The opportunities are abundant. There are so many industrial products worldwide that you cannot count them all. However, if you are seeking new products, then Saudi Arabia is the place where you can implement the industrialisation of new products. You do not want to make tables, chairs, doors or windows; you need to make something that is exportable, because in ten to twenty years´ time, as dependency on oil become less and less, you need to have a commodity that is exportable at international prices, and which is not dependant on the low cost of oil.

You need a professional, reliable, cost effective product that can be delivered on time to the end customer worldwide. Saudi Arabia has the platform for success in this area, so long as you work with the right local partners. Not every local partner is the right one with the right attitude towards industrialisation. If you want to go into industrialisation, you have to be patient. It takes a long time to get a factory up and running.

It is not at the press of a button, like trading. You first need infrastructure, a team, the product, and then comes production. If you have a long-term vision, then you will succeed in industrialisation. However, if you have short-term targets, then industrialisation will not be very easy for you because in Saudi Arabia things take time and you have to respect that.

Do you feel that doing business in Saudi Arabia is becoming easier?

No, it is still difficult. The bureaucracy here is a great hindrance, perhaps because we are in a transition period. Things take time, however we do have to respect that things here are much better than they used to be. We hope that it will continue to improve in the future. This is a continual process of adjustment. The regulations, laws, and by-laws all have to be meshed together, fine-tuned, and improved, and that doesn’t happen overnight. We hope that entities like SAGIA, SIDF, MODON, are slowly shifting from their previous stand to better stands.

Last month, the public entities were in London promoting industrial projects in Saudi Arabia and stating in the papers that you will be able to establish a company in less than 48 hours. We know that this is still a dream for us and we hope that it will happen. We are very pleased that they have set the objective, and hope that they will make it happen.

Is there anything that you would like to add?

Saudi Arabia is a country that has a lot going for it. We have a good economy and good infrastructure. There is good potential for growth and it is still young in terms of industrialisation. All investors should look at Saudi Arabia under a new light. I can give you examples of some companies that we are currently dealing with, who five years ago, never would have thought of investing in Saudi Arabia.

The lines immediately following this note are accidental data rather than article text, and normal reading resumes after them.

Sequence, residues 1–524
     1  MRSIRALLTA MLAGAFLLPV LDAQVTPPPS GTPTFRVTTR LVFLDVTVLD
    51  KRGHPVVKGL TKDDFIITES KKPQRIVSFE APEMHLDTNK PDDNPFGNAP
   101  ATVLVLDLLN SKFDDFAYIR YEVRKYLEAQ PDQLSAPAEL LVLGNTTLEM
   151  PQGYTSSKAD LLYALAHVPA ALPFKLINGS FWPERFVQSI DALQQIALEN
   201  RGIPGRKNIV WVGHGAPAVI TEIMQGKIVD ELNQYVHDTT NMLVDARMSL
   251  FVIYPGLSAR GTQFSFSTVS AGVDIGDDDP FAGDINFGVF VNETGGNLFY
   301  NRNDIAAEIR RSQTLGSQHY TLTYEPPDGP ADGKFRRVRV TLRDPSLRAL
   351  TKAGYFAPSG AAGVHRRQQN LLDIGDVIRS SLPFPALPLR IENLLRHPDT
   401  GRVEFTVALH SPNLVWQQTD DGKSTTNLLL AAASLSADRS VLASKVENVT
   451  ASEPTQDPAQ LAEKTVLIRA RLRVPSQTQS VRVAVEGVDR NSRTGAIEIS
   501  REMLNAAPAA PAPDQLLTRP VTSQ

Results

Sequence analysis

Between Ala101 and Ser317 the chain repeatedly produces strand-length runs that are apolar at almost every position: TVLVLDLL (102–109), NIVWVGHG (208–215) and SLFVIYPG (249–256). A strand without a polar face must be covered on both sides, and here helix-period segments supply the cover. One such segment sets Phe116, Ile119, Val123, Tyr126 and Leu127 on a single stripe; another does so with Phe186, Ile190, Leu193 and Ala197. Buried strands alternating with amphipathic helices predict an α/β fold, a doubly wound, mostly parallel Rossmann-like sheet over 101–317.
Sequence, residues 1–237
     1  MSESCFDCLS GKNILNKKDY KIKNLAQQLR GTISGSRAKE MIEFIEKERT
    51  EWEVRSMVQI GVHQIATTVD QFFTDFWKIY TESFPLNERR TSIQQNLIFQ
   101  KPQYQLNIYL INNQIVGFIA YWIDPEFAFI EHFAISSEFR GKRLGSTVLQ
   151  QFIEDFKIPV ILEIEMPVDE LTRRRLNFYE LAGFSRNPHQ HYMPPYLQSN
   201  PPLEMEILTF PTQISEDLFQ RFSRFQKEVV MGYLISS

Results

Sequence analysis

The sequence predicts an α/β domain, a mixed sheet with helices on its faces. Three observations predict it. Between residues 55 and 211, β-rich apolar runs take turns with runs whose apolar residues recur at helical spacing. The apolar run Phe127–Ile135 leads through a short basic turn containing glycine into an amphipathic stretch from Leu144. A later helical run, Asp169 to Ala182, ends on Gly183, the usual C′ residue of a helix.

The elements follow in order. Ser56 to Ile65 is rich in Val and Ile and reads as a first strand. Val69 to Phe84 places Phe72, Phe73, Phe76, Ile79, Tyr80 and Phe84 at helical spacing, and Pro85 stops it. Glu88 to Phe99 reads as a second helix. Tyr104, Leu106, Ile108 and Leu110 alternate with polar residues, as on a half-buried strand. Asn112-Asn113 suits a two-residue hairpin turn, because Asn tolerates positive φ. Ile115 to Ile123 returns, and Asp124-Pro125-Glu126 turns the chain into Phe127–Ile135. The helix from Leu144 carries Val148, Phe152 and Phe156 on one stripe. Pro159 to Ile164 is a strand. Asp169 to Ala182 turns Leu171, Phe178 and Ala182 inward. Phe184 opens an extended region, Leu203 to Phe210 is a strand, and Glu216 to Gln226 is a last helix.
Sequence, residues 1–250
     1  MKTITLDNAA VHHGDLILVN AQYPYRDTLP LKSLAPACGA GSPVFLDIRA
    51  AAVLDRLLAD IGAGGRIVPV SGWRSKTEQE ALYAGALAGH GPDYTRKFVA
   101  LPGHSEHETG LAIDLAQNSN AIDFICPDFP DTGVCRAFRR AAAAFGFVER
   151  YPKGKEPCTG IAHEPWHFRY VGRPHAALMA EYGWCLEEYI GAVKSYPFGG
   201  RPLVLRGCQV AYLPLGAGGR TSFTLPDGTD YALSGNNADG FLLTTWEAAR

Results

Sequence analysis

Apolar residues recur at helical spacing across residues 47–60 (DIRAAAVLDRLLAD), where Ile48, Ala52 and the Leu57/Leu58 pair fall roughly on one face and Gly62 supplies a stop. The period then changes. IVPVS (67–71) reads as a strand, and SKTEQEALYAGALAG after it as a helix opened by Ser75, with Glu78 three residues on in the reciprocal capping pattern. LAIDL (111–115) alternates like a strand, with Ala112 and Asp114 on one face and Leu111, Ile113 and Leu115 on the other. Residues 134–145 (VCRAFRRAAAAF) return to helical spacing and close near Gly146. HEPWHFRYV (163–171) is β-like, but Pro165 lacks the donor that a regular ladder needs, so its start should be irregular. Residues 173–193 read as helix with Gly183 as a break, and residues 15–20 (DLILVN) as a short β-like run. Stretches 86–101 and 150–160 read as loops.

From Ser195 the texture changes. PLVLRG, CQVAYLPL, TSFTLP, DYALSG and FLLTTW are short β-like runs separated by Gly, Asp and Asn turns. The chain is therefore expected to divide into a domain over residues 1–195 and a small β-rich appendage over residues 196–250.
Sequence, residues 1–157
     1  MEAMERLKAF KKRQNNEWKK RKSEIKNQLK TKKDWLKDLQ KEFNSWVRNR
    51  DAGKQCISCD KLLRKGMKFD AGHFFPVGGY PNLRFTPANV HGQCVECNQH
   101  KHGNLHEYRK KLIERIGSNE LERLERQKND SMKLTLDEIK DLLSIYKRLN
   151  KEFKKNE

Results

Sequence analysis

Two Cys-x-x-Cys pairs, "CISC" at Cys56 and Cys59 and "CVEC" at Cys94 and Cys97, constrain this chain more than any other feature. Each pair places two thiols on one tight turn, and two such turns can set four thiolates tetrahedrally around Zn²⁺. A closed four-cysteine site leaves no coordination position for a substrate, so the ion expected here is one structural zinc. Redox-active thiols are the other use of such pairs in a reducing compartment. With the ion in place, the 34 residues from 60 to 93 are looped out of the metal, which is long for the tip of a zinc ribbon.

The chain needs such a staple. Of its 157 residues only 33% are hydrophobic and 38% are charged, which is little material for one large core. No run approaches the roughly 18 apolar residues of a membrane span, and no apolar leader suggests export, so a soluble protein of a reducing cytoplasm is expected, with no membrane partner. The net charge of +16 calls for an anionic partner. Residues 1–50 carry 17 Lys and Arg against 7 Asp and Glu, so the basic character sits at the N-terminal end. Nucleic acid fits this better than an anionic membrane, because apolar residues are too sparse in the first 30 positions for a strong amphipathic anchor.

However, when they approached us and we showed them the parameters and the figures, they immediately said they wanted to begin joint ventures with us. Saudi Arabia needs people to promote it and its abilities. We need to promote the potential of our local market. We need to show investors it is not just about starting a joint venture, but to show them that this is a growth market for the next twenty years. Saudi Arabia needs everything. Therefore for any international investors who are thinking in investing in Saudi Arabia, I think it should be a number one choice for them.

What are the indicators that you mention?

These companies used to think that Saudi Arabia was a bad place, but we showed them the number of cars, buildings, constructions, the growth in the market, the employment figures, etc. and all of a sudden, they wanted to collaborate with us at 75%, and they put money on the table. Five years ago, those same people had said no to investing in Saudi Arabia.

I believe that many companies have the wrong impression about Saudi Arabia, and the media does not give it justice in most cases. The people here are fantastic the culture is good. We have our own private ways that we have to respect. Everyone is entitled to their traditions; every society in the world has their own culture, which has to be respected.

The economy here is so big; it is beyond your dreams. Because the media does not portray the right image, people are not seeing what is really here. We need good captains for our industry. I hope that the initiative by his Majesty the King of sending students to study abroad will help us in this respect, so that we can have a new generation of technocrats that can come back and take over from the expats that are running the show—in perhaps 10 years time.

Scroll to top